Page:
On Tuesday 25th February 2014 the BSA Bourdieu Study Group hosted its first event of 2014: Bourdieu in Migration and ‘Race’/Ethnicity Studies at the BSA meeting room in London.
Bookings for the event proofed popular and the booking had to be closed early. The event was structured around the presentations of two key note speakers: Prof. Karen O’Reilly (Loughborough University) and Dr. Nirmal Puwar (Goldsmiths), three papers – following the call for abstracts – Dr Michaela Benson (Goldsmiths), Derron Wallace (University of Cambridge) and Dr Barbara Samaluk (University of Greenwich), as well as three workshops.
Dr. Nirmal Puwar commented on the title of the event and how often UK academics primarily see Bourdieu as a class theorist. She stressed the importance of using an intersectionality approach and the necessity of students to overcome the obsession of ‘which variable is most significant: social-class, ‘race’, or gender?’ With the prevalence of class is itself being a significant insight into in British sociology.
Prof. Karen O’Reilly spoke about applying a Bourdieusian approach in hers and Caroline Oliver’s case study of expatriates living in the Costa del Sol, Spain. In this study, Bourdieu’s methodological approach as well as his sociological concepts were drawn upon to help understand the cultural processes and the reproduction of the economic positions of the emigrants. She argued that Bourdieu’s attempts to overcome dualism and see the interrelation between structure and action proved useful in their analyses of this migration case study.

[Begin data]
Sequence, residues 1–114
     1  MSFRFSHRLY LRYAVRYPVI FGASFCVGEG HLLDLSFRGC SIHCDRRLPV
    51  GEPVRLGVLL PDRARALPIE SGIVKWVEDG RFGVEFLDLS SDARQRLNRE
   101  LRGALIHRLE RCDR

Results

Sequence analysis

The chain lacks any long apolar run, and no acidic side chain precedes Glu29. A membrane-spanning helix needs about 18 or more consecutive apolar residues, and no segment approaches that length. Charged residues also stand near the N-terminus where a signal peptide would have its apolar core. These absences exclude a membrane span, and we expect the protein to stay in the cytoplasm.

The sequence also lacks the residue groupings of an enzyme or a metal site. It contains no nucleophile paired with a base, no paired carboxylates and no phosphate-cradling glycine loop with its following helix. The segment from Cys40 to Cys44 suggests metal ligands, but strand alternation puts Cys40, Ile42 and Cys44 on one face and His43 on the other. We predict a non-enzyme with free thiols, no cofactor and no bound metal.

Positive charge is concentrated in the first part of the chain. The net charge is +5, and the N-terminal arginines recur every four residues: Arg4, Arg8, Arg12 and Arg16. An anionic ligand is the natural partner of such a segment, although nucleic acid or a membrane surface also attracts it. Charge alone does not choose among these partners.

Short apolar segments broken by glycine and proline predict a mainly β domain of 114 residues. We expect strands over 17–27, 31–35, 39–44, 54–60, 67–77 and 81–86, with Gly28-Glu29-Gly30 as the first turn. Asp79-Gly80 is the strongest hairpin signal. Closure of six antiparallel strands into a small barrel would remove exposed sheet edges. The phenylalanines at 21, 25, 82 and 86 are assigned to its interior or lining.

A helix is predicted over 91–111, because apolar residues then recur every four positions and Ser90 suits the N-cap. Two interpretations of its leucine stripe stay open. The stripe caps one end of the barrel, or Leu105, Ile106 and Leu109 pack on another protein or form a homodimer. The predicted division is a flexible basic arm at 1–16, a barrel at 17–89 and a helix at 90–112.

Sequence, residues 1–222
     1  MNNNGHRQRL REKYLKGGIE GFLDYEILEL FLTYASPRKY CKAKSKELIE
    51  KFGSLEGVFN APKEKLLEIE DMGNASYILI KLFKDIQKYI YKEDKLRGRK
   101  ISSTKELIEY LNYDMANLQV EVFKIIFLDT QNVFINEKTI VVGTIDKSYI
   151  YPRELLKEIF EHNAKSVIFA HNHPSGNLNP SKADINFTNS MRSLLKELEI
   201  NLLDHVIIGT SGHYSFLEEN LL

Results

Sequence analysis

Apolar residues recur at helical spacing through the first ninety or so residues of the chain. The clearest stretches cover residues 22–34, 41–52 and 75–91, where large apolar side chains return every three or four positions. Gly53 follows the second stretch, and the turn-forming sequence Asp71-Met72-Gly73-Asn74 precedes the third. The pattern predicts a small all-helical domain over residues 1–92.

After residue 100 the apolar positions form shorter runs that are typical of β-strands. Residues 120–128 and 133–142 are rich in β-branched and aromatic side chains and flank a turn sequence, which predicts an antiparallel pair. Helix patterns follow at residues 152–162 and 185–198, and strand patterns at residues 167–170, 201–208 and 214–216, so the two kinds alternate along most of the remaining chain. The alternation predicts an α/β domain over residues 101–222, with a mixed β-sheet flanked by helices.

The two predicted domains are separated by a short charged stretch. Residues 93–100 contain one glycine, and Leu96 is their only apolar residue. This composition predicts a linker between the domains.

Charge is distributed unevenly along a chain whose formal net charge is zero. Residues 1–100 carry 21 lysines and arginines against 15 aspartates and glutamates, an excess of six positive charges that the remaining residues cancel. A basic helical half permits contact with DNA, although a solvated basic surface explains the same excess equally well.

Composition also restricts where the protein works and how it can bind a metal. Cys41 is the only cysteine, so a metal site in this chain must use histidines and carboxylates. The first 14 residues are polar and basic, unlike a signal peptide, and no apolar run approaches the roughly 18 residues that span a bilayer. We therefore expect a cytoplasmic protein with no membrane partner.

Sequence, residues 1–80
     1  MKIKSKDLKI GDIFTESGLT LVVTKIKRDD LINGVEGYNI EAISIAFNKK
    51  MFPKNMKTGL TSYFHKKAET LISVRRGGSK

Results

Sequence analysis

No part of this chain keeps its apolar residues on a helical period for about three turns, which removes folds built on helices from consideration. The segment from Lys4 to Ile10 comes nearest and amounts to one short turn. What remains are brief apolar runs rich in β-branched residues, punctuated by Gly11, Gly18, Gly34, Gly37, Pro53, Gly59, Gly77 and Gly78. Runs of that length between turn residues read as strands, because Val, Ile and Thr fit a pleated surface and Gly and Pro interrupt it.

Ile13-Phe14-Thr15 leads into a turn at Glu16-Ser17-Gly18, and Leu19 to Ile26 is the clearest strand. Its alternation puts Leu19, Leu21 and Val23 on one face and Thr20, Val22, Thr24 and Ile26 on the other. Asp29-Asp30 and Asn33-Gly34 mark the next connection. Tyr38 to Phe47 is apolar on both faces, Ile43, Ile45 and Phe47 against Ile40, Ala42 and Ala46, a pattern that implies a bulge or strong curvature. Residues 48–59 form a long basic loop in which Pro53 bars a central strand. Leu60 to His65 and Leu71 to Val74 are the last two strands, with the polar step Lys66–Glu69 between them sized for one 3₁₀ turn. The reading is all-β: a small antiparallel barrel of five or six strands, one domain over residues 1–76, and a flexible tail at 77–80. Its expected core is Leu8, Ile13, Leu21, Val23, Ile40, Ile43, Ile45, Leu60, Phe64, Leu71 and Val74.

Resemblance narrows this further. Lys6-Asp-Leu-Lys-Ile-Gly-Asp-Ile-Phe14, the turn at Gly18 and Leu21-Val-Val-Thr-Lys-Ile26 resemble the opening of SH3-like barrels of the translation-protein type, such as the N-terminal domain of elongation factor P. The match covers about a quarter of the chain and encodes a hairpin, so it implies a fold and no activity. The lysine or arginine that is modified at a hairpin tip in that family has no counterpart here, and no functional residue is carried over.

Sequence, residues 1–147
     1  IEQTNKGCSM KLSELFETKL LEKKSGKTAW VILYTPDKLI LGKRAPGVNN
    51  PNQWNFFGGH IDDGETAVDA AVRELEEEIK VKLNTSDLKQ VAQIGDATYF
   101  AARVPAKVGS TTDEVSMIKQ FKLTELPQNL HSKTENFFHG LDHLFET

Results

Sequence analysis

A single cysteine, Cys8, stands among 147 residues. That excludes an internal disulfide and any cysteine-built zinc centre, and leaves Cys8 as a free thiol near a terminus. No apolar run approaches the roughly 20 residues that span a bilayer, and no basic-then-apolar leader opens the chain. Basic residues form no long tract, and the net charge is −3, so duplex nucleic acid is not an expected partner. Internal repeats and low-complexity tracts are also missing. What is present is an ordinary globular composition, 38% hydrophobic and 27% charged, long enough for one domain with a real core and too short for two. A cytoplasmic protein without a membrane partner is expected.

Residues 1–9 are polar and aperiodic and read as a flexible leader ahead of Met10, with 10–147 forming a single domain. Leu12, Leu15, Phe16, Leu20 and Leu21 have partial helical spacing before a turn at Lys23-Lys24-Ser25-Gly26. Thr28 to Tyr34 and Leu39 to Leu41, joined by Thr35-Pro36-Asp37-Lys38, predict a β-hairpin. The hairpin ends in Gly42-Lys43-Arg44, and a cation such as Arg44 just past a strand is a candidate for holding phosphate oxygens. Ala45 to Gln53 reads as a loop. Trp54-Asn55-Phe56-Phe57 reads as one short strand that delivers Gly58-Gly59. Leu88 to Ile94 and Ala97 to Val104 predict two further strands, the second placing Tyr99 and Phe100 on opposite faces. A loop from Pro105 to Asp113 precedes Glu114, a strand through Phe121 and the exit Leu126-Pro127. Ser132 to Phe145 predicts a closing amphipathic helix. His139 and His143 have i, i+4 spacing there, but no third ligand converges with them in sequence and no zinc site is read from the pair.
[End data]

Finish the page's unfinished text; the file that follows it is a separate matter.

The three papers showed the variety of ways a Bourdieusian approach can be used to analyse a diversity of case studies in ‘race’, education and migration research.
- Dr Michaela Benson (Goldsmiths) Embodying white privilege in lifestyle migration: habitus, field and the mutability of capitals (Michaela Benson Abstract)
- Derron Wallace (University of Cambridge) Between ‘Bad’ Blacks & ‘Better’ Blacks?: Exploring the Role of Black Cultural Capital in the Educational Experiences of Afro-Caribbean Youth in London and New York (Derron Wallace Abstract)
- Dr Barbara Samaluk (University of Greenwich) Whiteness, ethnic privilege and migration: a Bourdieuian framework (Barbara Samaluk Abstract)
- Group one: Prof. Karen O’Reilly – for those interested in ethnographic methods and privilege forms of migration
- Group two: Dr. Nirmal Puwar – for those interested in postcolonialism and ‘race’/ethnicity
- Group three: Prof. Derek Robbins – for those interested in Bourdieu’s theoretical framework and application of his concepts in the 21st century
The three workshops near the end of the day helped to tie the whole event together generating discussion and debates around the key note and paper presentations. They also gave delegates the opportunity to consider their own research in relation to the themes that were raised throughout the day in addition to giving them a chance to ask questions about their own projects.
The study group received lots of positive feedback about the event and acquired many new subscriptions to its membership email list. Many delegates also commented on the welcoming environment of the event as well as the sociability of the pre-event dinner.